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Ohio State, Cincinnati announce basketball series

Published: Tuesday, October 03, 2017 @ 12:53 PM

BOSTON, MA - MARCH 22:  Sean Kilpatrick #23 of the Cincinnati Bearcats goes to the hoop against Jared Sullinger #0 of the Ohio State Buckeyes during their 2012 NCAA Men's Basketball East Regional Semifinal game at TD Garden on March 22, 2012 in Boston, Massachusetts.  (Photo by Jim Rogash/Getty Images)
Jim Rogash/Getty Images
BOSTON, MA - MARCH 22: Sean Kilpatrick #23 of the Cincinnati Bearcats goes to the hoop against Jared Sullinger #0 of the Ohio State Buckeyes during their 2012 NCAA Men's Basketball East Regional Semifinal game at TD Garden on March 22, 2012 in Boston, Massachusetts. (Photo by Jim Rogash/Getty Images)(Jim Rogash/Getty Images)

Ohio State and Cincinnati gave their basketball fans something to get excited about Tuesday with the announcement of a future home-and-home series between the programs. 

The Buckeyes will be the first opponent at UC’s Fifth Third Arena when it re-opens next season after an extensive renovation. That will be Ohio State’s game at UC since 1920.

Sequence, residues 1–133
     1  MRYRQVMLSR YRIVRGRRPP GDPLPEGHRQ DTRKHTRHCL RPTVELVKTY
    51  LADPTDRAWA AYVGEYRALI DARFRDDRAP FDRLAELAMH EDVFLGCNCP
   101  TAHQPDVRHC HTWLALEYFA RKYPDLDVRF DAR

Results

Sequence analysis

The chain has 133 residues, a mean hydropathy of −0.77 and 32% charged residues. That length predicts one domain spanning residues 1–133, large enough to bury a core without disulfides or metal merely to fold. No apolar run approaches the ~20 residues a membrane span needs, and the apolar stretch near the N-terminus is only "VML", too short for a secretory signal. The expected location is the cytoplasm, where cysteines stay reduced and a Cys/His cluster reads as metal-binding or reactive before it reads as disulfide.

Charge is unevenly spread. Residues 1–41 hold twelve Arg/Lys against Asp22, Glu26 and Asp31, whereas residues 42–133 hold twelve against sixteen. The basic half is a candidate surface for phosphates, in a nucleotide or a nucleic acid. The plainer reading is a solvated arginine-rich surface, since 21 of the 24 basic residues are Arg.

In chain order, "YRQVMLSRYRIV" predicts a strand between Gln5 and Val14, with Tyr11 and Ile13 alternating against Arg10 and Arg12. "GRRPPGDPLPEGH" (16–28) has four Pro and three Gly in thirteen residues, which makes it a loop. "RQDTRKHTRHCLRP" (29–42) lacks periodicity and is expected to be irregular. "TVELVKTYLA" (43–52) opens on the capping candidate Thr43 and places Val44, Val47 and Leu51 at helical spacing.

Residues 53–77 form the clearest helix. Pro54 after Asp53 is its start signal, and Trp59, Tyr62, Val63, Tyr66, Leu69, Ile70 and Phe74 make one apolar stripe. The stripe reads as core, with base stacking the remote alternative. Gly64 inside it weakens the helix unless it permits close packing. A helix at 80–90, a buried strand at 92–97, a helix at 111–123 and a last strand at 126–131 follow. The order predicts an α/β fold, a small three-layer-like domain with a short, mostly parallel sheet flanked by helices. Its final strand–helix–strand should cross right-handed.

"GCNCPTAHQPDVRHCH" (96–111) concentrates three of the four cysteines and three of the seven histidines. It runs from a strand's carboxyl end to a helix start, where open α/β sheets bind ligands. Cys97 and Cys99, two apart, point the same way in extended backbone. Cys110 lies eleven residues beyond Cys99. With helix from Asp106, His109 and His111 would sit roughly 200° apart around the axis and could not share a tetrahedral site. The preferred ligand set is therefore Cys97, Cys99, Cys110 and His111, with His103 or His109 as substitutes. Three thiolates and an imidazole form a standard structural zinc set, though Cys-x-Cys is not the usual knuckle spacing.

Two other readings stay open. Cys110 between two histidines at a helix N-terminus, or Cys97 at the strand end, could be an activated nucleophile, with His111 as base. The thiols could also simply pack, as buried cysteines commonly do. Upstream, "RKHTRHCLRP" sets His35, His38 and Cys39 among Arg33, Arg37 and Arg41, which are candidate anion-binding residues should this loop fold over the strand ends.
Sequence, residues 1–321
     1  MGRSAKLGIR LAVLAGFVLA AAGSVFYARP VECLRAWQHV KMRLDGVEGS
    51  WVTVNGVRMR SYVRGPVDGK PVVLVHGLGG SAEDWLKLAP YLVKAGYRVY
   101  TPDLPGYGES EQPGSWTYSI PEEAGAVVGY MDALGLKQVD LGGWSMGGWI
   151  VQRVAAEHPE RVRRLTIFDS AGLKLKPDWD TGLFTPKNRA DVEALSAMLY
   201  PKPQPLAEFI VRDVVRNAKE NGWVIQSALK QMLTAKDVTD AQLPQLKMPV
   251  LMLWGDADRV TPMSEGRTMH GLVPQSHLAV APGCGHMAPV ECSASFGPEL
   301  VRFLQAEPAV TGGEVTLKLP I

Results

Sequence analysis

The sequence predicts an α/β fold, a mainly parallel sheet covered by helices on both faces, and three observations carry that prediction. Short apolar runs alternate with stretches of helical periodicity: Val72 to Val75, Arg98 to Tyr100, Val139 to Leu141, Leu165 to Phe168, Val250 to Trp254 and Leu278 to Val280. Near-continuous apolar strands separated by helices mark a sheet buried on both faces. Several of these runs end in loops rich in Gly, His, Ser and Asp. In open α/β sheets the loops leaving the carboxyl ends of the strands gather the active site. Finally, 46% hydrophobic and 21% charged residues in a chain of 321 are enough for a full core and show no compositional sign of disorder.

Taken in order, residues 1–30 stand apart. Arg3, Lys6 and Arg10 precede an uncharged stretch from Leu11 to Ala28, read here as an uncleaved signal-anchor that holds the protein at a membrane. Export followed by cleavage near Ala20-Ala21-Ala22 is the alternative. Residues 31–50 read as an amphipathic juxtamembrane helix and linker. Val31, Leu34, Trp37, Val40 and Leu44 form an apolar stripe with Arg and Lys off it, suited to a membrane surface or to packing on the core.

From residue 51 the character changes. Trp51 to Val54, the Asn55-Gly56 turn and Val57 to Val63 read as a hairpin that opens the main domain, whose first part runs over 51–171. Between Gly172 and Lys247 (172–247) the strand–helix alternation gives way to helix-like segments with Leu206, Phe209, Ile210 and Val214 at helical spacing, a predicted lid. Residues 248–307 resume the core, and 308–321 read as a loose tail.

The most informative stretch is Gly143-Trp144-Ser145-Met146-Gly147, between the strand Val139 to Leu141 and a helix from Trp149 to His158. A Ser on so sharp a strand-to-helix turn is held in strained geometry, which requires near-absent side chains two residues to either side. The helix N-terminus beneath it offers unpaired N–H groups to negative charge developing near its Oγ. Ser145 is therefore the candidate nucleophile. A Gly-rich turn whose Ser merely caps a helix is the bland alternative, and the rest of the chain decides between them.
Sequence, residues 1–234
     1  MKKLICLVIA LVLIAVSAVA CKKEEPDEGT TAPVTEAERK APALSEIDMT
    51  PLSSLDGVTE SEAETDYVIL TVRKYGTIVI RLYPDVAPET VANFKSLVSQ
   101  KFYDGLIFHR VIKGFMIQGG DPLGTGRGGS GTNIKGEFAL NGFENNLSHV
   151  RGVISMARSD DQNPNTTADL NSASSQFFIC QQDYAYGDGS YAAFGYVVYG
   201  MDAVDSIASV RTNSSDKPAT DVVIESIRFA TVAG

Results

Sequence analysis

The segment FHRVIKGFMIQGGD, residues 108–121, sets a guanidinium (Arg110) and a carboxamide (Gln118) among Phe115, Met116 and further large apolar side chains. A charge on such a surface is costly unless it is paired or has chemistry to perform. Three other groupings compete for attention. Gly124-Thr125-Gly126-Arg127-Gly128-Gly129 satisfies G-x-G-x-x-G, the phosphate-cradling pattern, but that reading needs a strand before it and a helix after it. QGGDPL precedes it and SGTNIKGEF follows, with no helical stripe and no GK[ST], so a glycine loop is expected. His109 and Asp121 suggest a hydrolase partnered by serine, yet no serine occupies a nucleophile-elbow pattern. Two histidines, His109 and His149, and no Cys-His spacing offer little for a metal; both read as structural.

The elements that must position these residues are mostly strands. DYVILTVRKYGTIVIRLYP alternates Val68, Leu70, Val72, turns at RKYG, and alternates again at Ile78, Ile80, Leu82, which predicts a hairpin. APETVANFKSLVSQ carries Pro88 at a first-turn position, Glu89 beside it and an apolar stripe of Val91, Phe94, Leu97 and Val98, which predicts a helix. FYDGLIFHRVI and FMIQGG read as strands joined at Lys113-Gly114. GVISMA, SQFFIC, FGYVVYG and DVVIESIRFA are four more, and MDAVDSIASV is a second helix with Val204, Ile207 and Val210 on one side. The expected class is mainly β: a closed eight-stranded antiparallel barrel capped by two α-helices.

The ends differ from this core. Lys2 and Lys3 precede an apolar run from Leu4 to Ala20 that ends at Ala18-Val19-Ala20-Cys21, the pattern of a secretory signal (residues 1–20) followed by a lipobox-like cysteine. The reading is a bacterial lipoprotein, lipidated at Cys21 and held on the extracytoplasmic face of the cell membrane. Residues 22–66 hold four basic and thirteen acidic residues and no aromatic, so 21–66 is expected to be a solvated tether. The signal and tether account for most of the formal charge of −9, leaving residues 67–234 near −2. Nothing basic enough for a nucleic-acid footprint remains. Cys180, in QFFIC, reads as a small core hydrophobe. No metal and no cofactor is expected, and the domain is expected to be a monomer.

The Bearcats will make a trip to Columbus in the fall of 2019, though the exact date hasn’t been announced for either game. 

Both games will be season-openers. 

SPORTS TODAY: Reds have some good problems heading into this offseason, Buckeyes continue growing, etc.

Although the teams have rich basketball histories, they have only played 10 times, most notably in 1961 and ’62 when the Bearcats upset powerful Ohio State teams led by Middletown’s Jerry Lucas in consecutive national championship games. 

RELATED: Ohio needs a yearly college basketball event

The Buckeyes won the most recent matchup, an 81-66 decision in the Sweet 16 in 2012. 

In-state competition has been a hot topic for years among, and new Ohio State coach Chris Holtmann told fans at a summer meet-and-greet he was open to scheduling teams like the Bearcats, Dayton and Xavier. 

Michigan’s offense remains minimal with QB John O’Korn

Published: Sunday, October 22, 2017 @ 9:13 AM

STATE COLLEGE, Pa. — Here’s the positive: Michigan quarterback John O’Korn improved from his last outing.

Here’s the negative: O’Korn was Michigan’s quarterback in its 42-13 loss Saturday at No. 2 Penn State.